Fintechs are among the world’s most innovative companies. Innovation is moving so fast, in fact, that financial regulators are having trouble keeping up – but what are the risks of this disruptive innovation, and how can aspiring financial risk managers and early-career risk practitioners position themselves for success in this environment?
The combination of large-scale innovation and complex economic conditions (like inflation and government-support programs) across the financial system have created “a good environment for risk managers to prove their value,” says Michael Imerman, Assistant Professor of Teaching in Finance at the Paul Merage School of Business at University of California Irvine.
When discussing the relationship between innovation and regulation, he offers the analogy of a seesaw. “The onus is on both the innovator and the regulator to maintain that delicate balance. If one comes down too hard, the other side will fly off,” notes Imerman.
Innovation can help increase productivity throughout the economy – but products and services that haven’t been fully vetted sometimes come with unintended consequences, ranging from large fines (e.g., for non-compliance) to reputational risk and even to systemic failure. The required innovation/regulation balance must therefore focus on preserving the benefits of disruptive change while protecting against potentially negative fallout.
Collaboration is Key
Innovations in financial services, observes Imerman, are progressing at a much faster rate than regulations – and it's therefore “crucial to have transparency and bilateral communication.” But is this type of fintech/regulatory collaboration even feasible?
Imerman recently completed a tenure as visiting scholar in the fintech group at the Federal Reserve Bank of San Francisco. This experience left him convinced that regulators have no desire to derail or hamstring innovation. Many regulators have, in fact, opened innovation offices as part of an effort to encourage large organizations and fledgling entrepreneurs alike to work with oversight bodies.
There’s certainly a fine line to walk when constructing regulations that encourage innovation while simultaneously providing guardrails to maintain financial stability and to protect consumers. Of course, this is where FRMs can come in particularly handy.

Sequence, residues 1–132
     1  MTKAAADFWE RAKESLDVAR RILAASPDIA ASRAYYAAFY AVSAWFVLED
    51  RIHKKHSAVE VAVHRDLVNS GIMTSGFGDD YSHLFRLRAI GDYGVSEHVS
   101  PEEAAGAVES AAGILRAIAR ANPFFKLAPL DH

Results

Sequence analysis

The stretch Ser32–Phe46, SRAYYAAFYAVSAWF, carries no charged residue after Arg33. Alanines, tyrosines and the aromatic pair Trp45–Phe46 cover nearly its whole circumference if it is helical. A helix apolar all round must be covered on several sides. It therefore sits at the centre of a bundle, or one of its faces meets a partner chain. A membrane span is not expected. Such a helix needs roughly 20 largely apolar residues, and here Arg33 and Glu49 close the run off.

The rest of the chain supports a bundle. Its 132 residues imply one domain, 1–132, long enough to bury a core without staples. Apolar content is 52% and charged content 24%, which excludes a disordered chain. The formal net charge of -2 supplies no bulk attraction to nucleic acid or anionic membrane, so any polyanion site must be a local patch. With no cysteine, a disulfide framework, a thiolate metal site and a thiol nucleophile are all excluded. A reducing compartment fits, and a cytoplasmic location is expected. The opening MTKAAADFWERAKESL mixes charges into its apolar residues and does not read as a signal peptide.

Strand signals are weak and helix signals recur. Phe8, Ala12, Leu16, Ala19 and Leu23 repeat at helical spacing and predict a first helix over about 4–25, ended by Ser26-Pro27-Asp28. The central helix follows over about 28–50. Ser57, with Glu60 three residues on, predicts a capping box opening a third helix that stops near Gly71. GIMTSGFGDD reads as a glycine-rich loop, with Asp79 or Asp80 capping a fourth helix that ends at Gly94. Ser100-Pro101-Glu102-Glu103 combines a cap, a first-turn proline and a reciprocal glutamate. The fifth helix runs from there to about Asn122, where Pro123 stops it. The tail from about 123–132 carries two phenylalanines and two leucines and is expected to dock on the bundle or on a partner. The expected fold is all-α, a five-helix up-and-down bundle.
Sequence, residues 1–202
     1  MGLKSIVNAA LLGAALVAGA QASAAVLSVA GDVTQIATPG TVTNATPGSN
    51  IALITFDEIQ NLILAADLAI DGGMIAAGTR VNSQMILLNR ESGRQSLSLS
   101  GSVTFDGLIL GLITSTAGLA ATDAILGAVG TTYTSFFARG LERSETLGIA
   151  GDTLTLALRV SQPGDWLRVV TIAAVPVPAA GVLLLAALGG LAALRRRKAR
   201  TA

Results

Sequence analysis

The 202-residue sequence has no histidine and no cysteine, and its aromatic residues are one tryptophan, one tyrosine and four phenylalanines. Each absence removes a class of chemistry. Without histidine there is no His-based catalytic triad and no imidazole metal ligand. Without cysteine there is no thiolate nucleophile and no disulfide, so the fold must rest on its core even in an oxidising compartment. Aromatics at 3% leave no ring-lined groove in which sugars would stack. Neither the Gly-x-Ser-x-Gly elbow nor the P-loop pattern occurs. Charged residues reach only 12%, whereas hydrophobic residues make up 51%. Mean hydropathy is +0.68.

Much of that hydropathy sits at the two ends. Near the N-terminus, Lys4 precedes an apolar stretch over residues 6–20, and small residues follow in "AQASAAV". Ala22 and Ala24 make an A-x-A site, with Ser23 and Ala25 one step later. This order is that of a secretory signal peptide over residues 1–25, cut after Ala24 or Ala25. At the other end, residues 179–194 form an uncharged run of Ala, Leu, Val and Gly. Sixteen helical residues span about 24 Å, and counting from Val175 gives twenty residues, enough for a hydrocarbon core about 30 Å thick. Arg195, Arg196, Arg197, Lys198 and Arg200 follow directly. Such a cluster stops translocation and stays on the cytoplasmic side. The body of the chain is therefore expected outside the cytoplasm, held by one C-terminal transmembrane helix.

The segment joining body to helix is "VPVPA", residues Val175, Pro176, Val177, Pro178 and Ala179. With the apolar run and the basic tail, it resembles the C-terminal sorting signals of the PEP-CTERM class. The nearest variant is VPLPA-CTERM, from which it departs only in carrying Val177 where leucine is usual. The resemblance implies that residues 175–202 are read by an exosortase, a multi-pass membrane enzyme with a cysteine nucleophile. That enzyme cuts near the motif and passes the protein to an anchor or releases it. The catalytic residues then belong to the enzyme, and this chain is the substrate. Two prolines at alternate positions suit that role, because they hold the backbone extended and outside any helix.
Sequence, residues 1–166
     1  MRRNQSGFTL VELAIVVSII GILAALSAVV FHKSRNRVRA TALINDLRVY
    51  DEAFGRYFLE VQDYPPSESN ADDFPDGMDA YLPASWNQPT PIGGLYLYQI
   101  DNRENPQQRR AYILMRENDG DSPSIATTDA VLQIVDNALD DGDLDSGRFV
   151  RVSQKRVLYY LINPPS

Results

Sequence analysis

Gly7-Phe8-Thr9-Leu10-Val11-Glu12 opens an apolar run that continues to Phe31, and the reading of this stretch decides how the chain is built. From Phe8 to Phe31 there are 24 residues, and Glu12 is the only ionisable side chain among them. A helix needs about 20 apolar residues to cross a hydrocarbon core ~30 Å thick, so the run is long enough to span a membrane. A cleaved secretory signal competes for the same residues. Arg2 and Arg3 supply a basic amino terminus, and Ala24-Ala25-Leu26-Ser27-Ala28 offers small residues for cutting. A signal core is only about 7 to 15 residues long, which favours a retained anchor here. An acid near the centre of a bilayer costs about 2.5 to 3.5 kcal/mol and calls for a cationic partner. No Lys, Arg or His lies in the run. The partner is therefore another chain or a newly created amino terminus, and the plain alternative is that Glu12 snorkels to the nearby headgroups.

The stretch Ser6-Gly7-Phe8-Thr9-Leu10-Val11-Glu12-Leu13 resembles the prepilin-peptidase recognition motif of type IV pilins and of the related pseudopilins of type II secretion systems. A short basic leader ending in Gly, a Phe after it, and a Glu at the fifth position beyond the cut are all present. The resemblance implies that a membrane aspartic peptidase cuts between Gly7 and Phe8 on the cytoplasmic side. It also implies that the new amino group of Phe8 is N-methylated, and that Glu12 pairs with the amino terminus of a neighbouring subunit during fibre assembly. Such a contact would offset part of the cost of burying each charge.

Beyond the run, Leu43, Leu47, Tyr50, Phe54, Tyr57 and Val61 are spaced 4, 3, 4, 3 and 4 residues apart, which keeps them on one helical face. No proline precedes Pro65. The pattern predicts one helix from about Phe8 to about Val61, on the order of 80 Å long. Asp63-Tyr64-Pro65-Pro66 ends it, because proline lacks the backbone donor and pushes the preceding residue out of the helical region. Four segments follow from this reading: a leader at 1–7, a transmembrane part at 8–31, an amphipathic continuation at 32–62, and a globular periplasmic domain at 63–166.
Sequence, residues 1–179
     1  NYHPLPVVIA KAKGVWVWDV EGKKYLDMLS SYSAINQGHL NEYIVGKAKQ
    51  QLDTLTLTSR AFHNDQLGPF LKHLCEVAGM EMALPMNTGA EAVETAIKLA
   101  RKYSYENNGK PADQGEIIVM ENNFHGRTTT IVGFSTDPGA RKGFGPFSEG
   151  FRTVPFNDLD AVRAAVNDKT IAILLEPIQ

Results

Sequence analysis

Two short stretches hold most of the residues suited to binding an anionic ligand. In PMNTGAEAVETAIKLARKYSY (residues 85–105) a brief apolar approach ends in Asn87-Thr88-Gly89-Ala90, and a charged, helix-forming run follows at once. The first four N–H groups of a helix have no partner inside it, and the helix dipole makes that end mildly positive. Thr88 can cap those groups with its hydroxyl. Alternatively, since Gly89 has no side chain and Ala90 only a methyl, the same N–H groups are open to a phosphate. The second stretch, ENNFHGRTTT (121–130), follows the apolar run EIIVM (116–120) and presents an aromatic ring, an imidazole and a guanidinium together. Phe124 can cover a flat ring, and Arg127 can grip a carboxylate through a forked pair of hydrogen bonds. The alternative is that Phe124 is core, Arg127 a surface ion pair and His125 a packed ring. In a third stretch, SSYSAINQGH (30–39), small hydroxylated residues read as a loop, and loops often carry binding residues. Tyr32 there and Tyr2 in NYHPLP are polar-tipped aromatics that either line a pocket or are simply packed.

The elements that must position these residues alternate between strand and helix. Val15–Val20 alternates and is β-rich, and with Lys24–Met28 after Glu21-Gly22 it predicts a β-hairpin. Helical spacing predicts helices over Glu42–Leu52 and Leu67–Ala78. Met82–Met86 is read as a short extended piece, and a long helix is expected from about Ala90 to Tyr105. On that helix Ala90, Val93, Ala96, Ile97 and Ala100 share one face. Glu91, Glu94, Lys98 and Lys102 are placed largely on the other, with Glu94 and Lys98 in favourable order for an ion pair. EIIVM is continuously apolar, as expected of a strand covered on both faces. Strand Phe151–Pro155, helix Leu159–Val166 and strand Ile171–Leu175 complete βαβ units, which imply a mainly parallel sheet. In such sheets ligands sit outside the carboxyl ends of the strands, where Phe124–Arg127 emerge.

Imerman sees a need for risk managers who are level-headed and even-keeled. They need strong communication skills – not only to explain tech projects to key internal stakeholders but also to state the company’s case in front of regulators.
Prospects for Risk Managers
Imerman encourages his students to explore a career in financial risk management. For FRMs with the right skills, he says, there are many opportunities emerging from the spike in innovation.
Specifically, Imerman thinks that the recent emphasis on interpretable machine learning could lead to a jump in the hiring of tech-savvy model validators. Black-box models with opaque decision-making are rapidly losing favor because of push-back from both regulators and customers. Risk managers who can understand and explain how these models work to all relevant stakeholders — internal and external — will find their skills in high demand.
Job candidates, Imerman elaborates, don’t necessarily need to be programmers or go to “coding boot camps” – but should at least be conversational in technical language.
The regulatory sector is one place where job-seekers may find additional risk openings. In today’s fast-paced environment, says Imerman, regulators are actually competing for risk talent with the private sector – offering jobs that may prove especially appealing to candidates with a public-service bent.
Tod Ginnis is a content specialist at GARP. He is the author of a GARP blog that is aimed at early-career risk managers and professionals aspiring to earn their Financial Risk Manager (FRM) certification.